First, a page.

He doesn't seem to be in any pain when he's lying down (which, as an old dog, he does 20 hours a day). Walking up and down stairs is not possible, however. (Did I mention he weighs 30 kg?) And he has some discomfort in his usual sitting posture. I've got him on pain meds and a joint supplement, but he's not going to be a happy dog for the next couple of months. No day care, no long walks, and definitely no running, probably until the end of May.
Man, I've needed this for a while.
It's 11:15 on a Monday, after doing nothing of commercial or professional value for an entire weekend, and I'm finally at Inbox Zero for the first time in months.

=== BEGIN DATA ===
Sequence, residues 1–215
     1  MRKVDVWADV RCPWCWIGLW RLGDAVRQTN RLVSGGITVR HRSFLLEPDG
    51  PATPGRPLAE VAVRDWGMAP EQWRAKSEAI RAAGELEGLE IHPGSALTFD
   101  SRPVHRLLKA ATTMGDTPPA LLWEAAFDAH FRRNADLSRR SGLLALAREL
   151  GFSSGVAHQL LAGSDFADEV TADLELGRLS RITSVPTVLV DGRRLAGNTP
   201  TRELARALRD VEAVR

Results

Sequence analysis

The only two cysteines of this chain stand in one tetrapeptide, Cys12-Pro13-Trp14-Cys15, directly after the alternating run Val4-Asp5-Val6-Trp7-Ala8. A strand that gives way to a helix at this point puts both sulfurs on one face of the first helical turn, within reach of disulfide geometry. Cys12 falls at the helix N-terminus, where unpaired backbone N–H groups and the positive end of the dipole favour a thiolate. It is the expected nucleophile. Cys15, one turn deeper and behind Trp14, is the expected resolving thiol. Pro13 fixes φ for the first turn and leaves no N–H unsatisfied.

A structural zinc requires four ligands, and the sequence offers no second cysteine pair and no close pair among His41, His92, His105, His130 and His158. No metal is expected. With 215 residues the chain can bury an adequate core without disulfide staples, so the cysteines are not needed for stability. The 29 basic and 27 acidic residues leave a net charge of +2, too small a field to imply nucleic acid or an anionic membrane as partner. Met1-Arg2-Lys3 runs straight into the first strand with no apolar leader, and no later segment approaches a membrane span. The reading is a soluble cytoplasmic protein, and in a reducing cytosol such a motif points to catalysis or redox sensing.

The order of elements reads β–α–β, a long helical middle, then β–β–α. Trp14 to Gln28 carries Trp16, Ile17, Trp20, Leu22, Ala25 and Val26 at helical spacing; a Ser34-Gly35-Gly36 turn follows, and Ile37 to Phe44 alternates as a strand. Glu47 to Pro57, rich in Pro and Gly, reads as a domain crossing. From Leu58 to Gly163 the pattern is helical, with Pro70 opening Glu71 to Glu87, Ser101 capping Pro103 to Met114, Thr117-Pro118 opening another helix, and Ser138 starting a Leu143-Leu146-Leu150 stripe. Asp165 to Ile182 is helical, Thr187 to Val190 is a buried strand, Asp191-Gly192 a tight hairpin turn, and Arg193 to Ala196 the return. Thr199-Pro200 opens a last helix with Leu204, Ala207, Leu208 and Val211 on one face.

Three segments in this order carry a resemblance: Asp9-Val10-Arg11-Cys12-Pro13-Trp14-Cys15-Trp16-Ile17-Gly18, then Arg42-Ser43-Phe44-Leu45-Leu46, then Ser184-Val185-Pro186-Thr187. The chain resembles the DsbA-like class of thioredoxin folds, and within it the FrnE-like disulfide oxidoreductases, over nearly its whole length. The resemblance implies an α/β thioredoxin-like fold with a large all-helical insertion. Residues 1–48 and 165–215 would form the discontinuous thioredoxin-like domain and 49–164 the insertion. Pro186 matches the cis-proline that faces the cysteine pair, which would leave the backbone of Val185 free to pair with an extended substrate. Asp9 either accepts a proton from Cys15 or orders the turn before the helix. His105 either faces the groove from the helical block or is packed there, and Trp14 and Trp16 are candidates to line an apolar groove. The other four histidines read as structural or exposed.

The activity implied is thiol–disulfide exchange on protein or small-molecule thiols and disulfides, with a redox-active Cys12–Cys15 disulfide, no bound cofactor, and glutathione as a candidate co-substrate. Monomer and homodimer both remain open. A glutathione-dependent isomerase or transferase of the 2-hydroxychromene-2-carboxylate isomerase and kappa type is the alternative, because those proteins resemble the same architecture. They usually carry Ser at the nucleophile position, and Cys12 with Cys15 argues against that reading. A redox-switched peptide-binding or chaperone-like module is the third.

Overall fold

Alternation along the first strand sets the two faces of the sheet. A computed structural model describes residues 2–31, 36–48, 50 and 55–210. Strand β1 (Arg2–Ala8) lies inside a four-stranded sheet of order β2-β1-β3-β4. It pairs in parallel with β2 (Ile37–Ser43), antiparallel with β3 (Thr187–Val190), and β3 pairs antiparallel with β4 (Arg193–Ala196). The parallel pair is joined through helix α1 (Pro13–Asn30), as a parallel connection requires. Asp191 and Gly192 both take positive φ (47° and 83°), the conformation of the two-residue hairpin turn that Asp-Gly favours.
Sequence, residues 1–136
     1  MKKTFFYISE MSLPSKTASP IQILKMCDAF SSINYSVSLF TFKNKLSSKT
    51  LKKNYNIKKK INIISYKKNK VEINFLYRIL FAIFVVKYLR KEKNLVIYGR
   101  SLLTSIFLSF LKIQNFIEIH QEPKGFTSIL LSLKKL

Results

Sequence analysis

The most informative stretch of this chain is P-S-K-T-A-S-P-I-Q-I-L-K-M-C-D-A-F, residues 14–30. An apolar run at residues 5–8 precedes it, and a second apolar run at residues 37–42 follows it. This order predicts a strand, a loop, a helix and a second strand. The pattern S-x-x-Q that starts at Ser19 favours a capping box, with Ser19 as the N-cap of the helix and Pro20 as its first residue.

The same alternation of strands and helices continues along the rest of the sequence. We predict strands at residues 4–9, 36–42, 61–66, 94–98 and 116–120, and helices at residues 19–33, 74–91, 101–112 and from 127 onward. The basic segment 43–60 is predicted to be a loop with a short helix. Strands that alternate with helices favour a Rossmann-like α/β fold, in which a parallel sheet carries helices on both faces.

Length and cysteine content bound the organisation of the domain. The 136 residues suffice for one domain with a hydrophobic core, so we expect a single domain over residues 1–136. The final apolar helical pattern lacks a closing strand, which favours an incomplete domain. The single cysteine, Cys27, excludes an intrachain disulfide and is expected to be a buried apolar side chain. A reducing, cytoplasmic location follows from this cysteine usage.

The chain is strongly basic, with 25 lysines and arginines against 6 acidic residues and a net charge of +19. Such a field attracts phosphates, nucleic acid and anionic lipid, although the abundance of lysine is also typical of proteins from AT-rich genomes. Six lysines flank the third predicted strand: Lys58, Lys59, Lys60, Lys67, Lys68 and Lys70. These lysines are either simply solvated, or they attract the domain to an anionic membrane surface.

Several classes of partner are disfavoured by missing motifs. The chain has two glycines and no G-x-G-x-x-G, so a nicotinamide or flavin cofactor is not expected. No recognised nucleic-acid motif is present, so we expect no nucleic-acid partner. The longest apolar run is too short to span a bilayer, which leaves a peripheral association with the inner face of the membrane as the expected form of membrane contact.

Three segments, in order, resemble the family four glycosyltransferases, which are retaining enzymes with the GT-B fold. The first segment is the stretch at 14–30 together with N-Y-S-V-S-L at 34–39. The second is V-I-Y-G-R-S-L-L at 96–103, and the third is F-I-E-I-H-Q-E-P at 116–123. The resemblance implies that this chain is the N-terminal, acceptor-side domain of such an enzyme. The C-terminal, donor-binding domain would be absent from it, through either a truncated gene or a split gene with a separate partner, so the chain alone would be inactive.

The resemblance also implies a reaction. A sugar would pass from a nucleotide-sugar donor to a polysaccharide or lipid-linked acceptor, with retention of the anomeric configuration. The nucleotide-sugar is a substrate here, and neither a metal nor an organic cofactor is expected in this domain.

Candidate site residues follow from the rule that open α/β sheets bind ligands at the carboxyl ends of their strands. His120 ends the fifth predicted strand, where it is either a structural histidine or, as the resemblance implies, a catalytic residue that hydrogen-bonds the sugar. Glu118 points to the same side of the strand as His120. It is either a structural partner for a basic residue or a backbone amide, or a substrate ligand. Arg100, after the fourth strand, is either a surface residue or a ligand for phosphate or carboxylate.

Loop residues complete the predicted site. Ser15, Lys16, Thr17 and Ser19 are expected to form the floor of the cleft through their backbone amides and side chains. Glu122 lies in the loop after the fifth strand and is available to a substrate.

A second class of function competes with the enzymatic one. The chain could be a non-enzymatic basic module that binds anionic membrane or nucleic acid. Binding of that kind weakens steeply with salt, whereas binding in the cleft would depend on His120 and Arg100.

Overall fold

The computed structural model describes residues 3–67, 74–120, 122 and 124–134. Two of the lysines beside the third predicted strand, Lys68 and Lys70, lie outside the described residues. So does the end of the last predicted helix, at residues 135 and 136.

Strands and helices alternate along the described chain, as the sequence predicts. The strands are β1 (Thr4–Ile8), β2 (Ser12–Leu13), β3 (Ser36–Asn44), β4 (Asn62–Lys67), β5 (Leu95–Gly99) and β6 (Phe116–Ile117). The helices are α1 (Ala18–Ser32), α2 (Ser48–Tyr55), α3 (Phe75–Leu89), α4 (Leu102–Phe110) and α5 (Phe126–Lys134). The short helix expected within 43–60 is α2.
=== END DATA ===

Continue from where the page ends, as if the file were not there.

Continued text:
My to-do list currently has 30 items (plus 6 already finished) ranging in complexity or duration from "set up coffee with so-and-so" to "45,000 steps." Inbox Zero was not on the main list, but my inbox is itself a to-do list, so that counts too. In a few minutes I'll have finished with the physical items on my desk that need sorting, and then...breathe in.
Meanwhile, Parker is still not putting weight on one of his legs. We'll be stopping by the vet this afternoon. His giardia has cleared up (I think; I haven't looked that closely), and despite whatever is wrong with his leg, he's happy to walk on the three that still work properly.
Also, just a little blog housekeeping: the A-to-Z Challenge starts Sunday, so over the next week I might have fewer general posts so I can get a head start on the longer posts for April.
I will not be doing this (though I am taking it easy this month):